Manoir-Papineau in Montebello, Quebec is one of Canada’s treasured National Historic Sites and from the moment you step onto the grounds, there is no questioning why.
Even the kids, who sometimes need convincing to do something a bit historic while on vacation, were excited for their guided tour of a real-life 19th century seigneurial manor built by one of Canada’s historic political figures, Louis-Joseph Papineau.
Kid-Friendly Canadian History to Help Your Kids Rock It In History Class
At the start of our tour, the kids were handed a Parks Canada “Xplorers” package including a Manoir-Papineau activity book full of interactive activities like completing a family tree, treasure hunting for images and statues of animals throughout the house and a tic-tac-toe “xplorer” challenge. Instantly the kids knew this was not going to be your average historic site tour.
In Ontario, starting in grade three and into grade seven, the concept of “Seigneuries” is introduced in social studies. Teachers use lots of different ways to teach kids how farmland was distributed, governed and paid for in Lower Canada – usually with some kind of model building. The manor house of Louis-Joseph Papineau, the seigneur of La Petite Nation, brings this history lesson alive for kids in a way that only experiential learning can do.
With the help of the work book, the tour guide, the actors dressed in costumes of the century and interacting with the kids as members of the Papineau family or staff, kids easily consume historical facts and figures that will have them shooting their hands up as soon as their teachers ask a question about how people lived during the seigneurial times.
I Get To What???
“Sit on the furniture”, “set the table with real silver”, “peak into the bedroom of Monsieur Papineau’s daughter”, “set fresh cut flowers from the garden on the dresser”, “join in a game of croquet” and “have tea with Mme. Papineau”.
These were the welcoming words my kids heard while walking through the restored manor house which is a stark contrast to many museum visits filled with don’t touch, whispers only and roped off areas.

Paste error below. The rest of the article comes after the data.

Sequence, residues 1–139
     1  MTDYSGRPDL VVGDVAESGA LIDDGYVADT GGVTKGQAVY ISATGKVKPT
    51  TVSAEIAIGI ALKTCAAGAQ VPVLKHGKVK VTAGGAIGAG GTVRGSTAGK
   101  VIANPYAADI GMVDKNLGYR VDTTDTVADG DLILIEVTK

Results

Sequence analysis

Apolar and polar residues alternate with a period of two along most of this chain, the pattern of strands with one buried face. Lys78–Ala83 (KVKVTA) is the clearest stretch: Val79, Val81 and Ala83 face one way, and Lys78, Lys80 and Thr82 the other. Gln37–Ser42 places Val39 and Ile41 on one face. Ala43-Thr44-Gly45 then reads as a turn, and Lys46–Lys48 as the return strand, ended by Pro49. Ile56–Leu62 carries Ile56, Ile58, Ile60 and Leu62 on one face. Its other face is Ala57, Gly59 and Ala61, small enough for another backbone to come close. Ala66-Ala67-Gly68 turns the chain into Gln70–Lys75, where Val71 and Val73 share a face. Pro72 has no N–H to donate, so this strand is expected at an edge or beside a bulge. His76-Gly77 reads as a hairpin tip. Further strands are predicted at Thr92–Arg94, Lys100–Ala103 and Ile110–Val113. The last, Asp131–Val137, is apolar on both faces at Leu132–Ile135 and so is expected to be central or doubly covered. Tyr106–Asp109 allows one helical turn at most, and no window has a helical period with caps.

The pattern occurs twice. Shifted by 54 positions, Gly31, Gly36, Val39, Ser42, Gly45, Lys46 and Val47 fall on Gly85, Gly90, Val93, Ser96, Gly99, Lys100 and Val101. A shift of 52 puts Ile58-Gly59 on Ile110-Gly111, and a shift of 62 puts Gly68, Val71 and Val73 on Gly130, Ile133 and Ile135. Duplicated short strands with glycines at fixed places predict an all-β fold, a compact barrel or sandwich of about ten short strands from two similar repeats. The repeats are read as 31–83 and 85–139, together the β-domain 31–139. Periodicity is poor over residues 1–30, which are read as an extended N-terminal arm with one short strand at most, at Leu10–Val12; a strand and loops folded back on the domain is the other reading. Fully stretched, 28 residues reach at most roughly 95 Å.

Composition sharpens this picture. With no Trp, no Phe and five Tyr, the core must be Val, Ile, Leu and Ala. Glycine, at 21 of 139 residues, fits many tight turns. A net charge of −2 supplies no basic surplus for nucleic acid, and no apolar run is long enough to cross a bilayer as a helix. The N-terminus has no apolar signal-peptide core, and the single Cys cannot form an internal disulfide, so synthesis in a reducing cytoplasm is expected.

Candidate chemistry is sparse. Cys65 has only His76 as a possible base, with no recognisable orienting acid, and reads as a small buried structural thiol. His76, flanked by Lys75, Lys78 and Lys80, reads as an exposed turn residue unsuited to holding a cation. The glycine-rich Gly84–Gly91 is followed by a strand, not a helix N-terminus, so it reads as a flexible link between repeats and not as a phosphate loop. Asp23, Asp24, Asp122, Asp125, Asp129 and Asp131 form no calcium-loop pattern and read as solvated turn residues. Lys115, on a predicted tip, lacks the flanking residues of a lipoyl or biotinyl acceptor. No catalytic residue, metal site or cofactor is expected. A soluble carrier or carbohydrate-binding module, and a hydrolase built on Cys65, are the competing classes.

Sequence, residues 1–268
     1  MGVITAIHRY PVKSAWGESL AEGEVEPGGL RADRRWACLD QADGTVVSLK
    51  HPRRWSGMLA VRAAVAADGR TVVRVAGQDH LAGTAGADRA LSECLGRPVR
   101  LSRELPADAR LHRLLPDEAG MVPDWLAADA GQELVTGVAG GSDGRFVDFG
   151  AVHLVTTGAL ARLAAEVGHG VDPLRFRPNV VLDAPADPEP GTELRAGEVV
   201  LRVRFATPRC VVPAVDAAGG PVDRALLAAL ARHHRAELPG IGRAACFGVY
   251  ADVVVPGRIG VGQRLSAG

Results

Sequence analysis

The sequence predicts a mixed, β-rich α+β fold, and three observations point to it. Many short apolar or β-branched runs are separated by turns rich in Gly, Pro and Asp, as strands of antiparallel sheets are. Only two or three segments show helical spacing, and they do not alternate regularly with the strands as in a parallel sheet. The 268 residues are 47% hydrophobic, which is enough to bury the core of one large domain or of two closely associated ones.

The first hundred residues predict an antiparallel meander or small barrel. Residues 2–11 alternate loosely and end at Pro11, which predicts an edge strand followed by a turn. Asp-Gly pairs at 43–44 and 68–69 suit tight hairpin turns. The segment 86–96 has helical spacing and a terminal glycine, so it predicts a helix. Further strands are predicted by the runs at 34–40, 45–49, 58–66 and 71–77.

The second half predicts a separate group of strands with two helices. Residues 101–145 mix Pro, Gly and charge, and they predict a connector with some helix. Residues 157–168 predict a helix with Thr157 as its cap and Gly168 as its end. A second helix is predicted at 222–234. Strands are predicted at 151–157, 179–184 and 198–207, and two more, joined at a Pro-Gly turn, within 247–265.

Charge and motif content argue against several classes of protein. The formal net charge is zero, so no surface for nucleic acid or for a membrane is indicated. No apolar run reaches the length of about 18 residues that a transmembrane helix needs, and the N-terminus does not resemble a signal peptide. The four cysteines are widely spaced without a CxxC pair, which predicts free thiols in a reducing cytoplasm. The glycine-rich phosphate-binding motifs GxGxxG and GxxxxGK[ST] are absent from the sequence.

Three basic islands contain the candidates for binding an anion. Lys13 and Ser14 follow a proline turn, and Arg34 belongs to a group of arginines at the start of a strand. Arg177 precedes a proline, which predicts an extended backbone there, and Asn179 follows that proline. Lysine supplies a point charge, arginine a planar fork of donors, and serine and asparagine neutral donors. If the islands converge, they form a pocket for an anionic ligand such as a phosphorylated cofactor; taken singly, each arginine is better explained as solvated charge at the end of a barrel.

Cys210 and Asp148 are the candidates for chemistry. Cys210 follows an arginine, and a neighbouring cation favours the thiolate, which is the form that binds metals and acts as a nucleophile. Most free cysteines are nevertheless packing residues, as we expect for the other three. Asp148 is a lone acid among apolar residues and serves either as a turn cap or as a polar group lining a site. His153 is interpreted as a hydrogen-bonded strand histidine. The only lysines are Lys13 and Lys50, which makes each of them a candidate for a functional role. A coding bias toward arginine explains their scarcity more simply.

While pictures are forbidden inside the manor, experiencing, seeing and even touching was definitely encouraged by both the Parks Canada tour guide and the actors playing members of the Papineau family and staff.
Not to be missed stops along the tour include the seigneur’s office and library tower, the 300 year-old red oak tree as well as the many outbuildings including the granary, the family museum and the stone funeral chapel.
Before your visit, be sure to check out the many activities held at Manoir-Papineau – whether it’s a garden party, high tea or one of the other many family friendly events.
Steps Away from the Fairmont Chateau Montebello
We spent two nights at the Fairmont Chateau Montebello (which was not long enough!) and our visit to Manoir-Papineau was only one of the many activities we walked to from the resort.
The rustic luxury of Chateau Montebello is reason enough to visit Montebello, Quebec but combined with the beautiful walk along the water, past the horse stables and through the forest, from the grounds of the Chateau to the grounds of Manoir Papineau makes the manor experience that much more memorable.
Want to learn more about what to do in Montebello, Quebec with the kids? Check out my post on Choose Your Own Adventure in Montebello, Quebec.
A big huge MERCI to Tourisme Outaouais for giving our family the opportunity to experience Manoir-Papineau.
Image Credit: As photos inside the manor are forbidden, the photo above of the very ornate room inside was provided by Tourisme Outaouais. All other photos included in this post are my own.